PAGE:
Chaos for Fun and Profit

The Upside of Uncertainty

Ever heard of Dan Peña? He’s a quirky and fascinating man, a real life rags-to-riches bootstrap multi-millionaire who taught himself to build net worth by taking over huge corporations and either running them better or selling off the mismatched parts and reinvesting the new cash (which is basically the same thing).

A while back, Peña wrote in his Quantum Leap Advantage newsletter that:

” … the biggest opportunities come from where the most chaos exists. In conjunction with this notion, always put your best people on the biggest opportunity — not the biggest problems.”

Dan also referred to a CNN online article titled “Chaos by Design.”

The article points out that Google has created itself — $125 billion in just 8 years (at the time the article was written) — by riding on the edge of chaos.

“Take the case of Sheryl Sandberg, a 37-year-old vice president whose fiefdom includes the company’s automated advertising system. Sandberg recently committed an error that cost Google several million dollars — “Bad decision, moved too quickly, no controls in place, wasted some money,” is all she’ll say about it — and when she realized the magnitude of her mistake, she walked across the street to inform Larry Page, Google’s co-founder and unofficial thought leader. “God, I feel really bad about this,” Sandberg told Page, who accepted her apology.

“But as she turned to leave, Page said something that surprised her. “I’m so glad you made this mistake,” he said. “Because I want to run a company where we are moving too quickly and doing too much, not being too cautious and doing too little. If we don’t have any of these mistakes, we’re just not taking enough risk.”

Riding on risk … are you taking chances? I don’t mean choosing the blue tie instead of the green one, or the suede pumps instead of the patent leather heels.

I’m talking about RISK in capital letters. Stuff you can’t really control; you can only jump on and ride it. Like a surfer rides a wave, right there on the curling edge of change.

I was once a member of a mastermind group where I met a bunch of great new friends. One of the members mentioned that his hobby is white-water canoeing. In fact, it’s not just a hobby, it’s a passion. He’s out there in the white water just about every weekend.

He described the experience like this:

“You first look at a rapid and size it up, see if you want to try it. If you do, you go over the edge and then you’re in it. You can’t quit halfway down, you have to go all the way through with it.”

He’s talking about commitment there.

Once you’re in, you go all the way through, the best way you know how. You don’t decide halfway down that you’d rather just get out and walk.

But aren’t most of the people you know doing just the opposite? They look for the safest, least exciting path, the “sure thing.” And even then — if things get the least bit uncomfortable — they’ll bail out and quit … go looking for a safer, surer thing.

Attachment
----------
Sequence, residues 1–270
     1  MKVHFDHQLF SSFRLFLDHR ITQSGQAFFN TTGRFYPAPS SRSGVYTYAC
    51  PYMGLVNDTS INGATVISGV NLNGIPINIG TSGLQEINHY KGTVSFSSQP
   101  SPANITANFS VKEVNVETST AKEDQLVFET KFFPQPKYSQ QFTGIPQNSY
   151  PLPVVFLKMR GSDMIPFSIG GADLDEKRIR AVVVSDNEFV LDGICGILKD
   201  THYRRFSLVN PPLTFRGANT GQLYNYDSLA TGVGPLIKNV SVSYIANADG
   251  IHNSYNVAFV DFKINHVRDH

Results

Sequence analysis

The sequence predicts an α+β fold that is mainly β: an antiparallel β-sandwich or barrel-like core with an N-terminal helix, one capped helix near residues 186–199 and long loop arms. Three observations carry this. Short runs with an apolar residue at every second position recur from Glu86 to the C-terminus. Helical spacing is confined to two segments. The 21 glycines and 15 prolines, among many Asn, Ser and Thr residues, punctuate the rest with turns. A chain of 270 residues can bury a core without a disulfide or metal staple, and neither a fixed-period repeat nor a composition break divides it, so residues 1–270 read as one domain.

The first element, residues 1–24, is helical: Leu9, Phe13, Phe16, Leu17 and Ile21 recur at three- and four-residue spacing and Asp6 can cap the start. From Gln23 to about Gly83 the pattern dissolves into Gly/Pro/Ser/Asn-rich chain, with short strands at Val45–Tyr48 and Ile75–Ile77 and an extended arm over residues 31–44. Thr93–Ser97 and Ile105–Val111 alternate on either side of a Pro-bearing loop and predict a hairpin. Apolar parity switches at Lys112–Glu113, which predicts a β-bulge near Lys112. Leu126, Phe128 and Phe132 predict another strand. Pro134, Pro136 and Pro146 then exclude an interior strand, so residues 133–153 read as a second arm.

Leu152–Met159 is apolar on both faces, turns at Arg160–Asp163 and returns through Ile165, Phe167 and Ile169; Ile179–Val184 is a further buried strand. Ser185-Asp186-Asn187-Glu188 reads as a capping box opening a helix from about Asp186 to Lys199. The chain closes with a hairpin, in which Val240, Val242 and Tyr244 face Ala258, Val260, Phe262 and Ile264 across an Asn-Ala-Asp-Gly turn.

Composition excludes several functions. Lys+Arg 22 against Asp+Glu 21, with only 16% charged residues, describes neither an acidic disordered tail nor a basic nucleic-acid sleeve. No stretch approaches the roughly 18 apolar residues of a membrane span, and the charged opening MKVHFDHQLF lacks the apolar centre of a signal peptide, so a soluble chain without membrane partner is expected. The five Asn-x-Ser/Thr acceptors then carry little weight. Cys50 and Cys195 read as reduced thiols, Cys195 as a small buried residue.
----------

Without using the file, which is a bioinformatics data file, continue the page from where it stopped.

You’ve probably heard many times that high achievers make their decisions rapidly and change their minds rarely. Again, this is just the opposite of what most people do.

Achievers dive in, and then, no matter what comes, they MAKE IT WORK. They’re committed to the hilt in everything they tackle.

Of course, people who jump into chaos do make mistakes, usually a lot of them. But they also learn and gain skills as they go forward. They get better at it, just as the white-water canoer gets better. And just as the surfer learns to stay on the wave longer.

Think about it — doesn’t the word “opportunity” MEAN change?

Can you imagine finding any opportunity — any opportunity at all — under conditions where everything is always and unvaryingly the same? Of course you can’t. It’s a contradiction in terms.

And if you want opportunity, you’re going to have to swim out to where the waves are, then when one comes along, you’ll need to stand up on your board and work like crazy to keep your balance and ride as far as you can.

And again, if you want opportunity, you’re going to have to hike out to where the rapids are, and when you find one that looks exciting, you’ll need to put your canoe into the water, let yourself be pulled into the current and carried over the edge while you paddle your hardest to keep your canoe pointed more or less forward and your head up instead of down.

Of course, when you do that you’ll have an incredible ride. You’ll also quickly gain new skills that let you take on even more exciting rides.

After all, isn’t that what opportunities are? Exciting, fascinating rides out there on the curling edge of chaos. Out there where you can enjoy using ALL your skills even as you build new ones.

Now answer this next question quickly, without thinking about it:

Do these ideas scare you or excite you?

Your answer will tell you exactly who you are and where you’re headed.

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